Co-transplantation of mesenchymal and neural stem cells and overexpressing stromal-derived factor-1 for treating spinal cord injury

Andrew N. Stewart, Griffin Kendziorski, Zachary M. Deak, Dara J. Brown, Matthew N. Fini, Katherine L. Copely, Julien Rossignol, Gary L. Dunbar

Research output: Contribution to journalArticlepeer-review

25 Scopus citations

Abstract

Genetic engineering of mesenchymal stem cells (MSCs) and neuronal stem cells (NSCs) has been used to treat spinal cord injuries (SCI). As a mechanism of therapy, MSCs secrete high amounts of trophic factors, while NSCs can differentiate into neuronal lineages and aid in tissue replacement. Additionally, the forced overexpression of secreted proteins can enhance the secretome of transplanted cells, which can increase therapeutic efficacy. This study utilized a combinational treatment consisting of MSCs, NSCs, and the forced overexpression of the chemokine stromal-derived factor-1 (SDF-1) from MSCs (SDF-1-MSCs) as treatment in a rat model of SCI. Transplants occurred at 9-days post-injury, and motor functions were evaluated for 7-weeks post-injury. White matter sparing and axon densities surrounding the lesions were quantified. Findings from this study demonstrate that co-transplanting SDF-1-MSCs with NSCs improved motor functions and enhanced axon densities surrounding the lesion. However, no improvements in white matter sparing were found and tumors were found in some of the animals that received co-transplantations with either SDF-1-MSCs and NSCs or unmodified-MSCs and NSCs, but not in any animal treated with a single cell type. This study offers evidence that providing SDF-1 to NSCs, through the forced expression from MSCs, can enhance the therapeutic potential of the graft, but developing a safe means of doing this requires further work.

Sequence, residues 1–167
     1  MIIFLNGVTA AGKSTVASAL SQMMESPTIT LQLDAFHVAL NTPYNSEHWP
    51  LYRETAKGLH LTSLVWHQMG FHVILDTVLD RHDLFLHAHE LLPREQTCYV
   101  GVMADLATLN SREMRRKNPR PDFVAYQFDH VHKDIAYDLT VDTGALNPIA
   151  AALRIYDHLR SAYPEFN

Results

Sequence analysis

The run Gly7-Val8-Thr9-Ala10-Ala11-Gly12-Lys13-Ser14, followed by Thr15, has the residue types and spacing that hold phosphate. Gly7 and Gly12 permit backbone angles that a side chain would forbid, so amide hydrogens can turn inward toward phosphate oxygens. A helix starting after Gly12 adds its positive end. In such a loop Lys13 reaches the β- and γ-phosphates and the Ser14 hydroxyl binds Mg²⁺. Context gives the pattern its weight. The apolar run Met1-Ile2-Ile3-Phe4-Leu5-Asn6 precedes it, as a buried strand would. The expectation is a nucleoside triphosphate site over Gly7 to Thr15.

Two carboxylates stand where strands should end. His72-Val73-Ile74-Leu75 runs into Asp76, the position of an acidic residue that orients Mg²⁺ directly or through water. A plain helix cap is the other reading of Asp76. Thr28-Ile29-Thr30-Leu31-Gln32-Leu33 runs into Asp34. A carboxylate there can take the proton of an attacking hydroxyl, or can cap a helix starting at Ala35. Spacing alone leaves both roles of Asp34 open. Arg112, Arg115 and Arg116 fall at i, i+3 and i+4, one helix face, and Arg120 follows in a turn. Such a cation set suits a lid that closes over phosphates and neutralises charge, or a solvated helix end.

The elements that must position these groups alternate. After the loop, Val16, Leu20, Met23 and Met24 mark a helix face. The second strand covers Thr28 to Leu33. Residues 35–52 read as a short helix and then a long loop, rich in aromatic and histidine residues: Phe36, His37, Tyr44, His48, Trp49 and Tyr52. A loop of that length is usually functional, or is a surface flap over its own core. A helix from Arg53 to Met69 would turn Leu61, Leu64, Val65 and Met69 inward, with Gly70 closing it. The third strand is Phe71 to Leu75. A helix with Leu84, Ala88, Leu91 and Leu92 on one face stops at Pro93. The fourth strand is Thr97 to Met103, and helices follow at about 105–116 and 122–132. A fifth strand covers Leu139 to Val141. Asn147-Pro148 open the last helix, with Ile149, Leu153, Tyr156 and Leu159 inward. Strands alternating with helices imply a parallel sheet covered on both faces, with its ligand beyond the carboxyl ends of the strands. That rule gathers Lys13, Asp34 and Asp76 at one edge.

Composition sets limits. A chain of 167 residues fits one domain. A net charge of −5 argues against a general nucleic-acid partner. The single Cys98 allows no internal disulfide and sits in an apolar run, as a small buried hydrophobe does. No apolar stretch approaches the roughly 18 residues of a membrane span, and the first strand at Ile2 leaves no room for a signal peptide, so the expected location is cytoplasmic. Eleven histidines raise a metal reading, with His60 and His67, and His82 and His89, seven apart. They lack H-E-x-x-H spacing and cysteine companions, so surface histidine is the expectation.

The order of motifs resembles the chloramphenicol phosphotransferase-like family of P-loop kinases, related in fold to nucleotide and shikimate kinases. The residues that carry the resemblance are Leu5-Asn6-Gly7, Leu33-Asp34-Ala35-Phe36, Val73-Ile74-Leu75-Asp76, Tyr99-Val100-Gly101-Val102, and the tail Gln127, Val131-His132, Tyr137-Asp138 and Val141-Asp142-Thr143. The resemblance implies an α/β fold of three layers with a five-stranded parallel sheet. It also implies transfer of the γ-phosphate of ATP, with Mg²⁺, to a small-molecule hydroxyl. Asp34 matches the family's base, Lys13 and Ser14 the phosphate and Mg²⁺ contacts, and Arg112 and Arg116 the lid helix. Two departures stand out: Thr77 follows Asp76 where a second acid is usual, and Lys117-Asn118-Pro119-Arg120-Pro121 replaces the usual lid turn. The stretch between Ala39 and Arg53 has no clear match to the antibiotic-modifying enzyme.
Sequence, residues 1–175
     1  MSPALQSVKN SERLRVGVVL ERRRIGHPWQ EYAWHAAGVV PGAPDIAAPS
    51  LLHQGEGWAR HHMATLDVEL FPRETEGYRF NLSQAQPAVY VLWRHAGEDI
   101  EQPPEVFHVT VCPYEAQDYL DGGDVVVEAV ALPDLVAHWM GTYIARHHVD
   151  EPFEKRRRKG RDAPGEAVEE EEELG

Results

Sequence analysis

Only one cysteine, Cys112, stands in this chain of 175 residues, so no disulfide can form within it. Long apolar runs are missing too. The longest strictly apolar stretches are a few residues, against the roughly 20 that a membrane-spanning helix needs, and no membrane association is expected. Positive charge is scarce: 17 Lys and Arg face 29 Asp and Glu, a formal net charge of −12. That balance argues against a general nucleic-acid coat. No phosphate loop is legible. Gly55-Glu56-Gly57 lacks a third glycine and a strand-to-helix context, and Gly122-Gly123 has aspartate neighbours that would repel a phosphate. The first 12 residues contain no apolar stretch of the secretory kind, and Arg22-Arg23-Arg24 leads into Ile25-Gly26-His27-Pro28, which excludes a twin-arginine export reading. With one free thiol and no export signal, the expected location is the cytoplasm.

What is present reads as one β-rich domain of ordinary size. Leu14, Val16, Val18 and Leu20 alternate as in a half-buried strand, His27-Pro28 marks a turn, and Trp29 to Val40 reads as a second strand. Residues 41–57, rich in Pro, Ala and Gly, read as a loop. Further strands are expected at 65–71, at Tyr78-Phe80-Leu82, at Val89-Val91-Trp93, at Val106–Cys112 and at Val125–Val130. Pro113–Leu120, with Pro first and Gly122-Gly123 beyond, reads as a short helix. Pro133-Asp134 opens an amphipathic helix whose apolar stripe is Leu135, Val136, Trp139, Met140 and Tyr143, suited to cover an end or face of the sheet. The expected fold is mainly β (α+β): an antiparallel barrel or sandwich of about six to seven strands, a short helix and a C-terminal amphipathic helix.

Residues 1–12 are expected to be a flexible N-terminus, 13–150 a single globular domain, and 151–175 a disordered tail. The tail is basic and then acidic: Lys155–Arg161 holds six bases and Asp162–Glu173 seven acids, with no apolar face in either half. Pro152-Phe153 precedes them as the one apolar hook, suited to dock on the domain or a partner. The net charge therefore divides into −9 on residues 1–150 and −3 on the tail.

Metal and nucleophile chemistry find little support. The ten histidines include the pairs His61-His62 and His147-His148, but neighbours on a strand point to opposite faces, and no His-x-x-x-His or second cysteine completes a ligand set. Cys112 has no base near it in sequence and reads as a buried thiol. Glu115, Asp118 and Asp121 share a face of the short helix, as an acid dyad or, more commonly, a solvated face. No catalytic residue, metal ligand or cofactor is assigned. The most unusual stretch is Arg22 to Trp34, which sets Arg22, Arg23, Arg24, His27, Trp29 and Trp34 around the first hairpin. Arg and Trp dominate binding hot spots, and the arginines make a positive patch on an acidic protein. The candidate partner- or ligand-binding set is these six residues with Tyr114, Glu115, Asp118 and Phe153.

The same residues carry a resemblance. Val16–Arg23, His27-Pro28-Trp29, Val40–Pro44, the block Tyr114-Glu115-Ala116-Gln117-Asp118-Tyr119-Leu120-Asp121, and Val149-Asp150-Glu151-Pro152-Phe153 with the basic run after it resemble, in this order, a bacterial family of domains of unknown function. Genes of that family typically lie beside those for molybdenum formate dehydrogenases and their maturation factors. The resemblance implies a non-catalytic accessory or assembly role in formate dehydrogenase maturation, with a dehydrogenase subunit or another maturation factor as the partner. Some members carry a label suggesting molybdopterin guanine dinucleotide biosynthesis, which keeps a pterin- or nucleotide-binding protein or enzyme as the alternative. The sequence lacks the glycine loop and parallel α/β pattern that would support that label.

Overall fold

Original languageEnglish
Pages (from-to)91-105
Number of pages15
JournalBrain Research
Volume1672
DOIs
StatePublished - Oct 1 2017

Keywords

  • CXCL12
  • Co-transplantation
  • Mesenchymal stem cell
  • Neuronal stem cell
  • Spinal cord injury
  • Stromal derived factor-1

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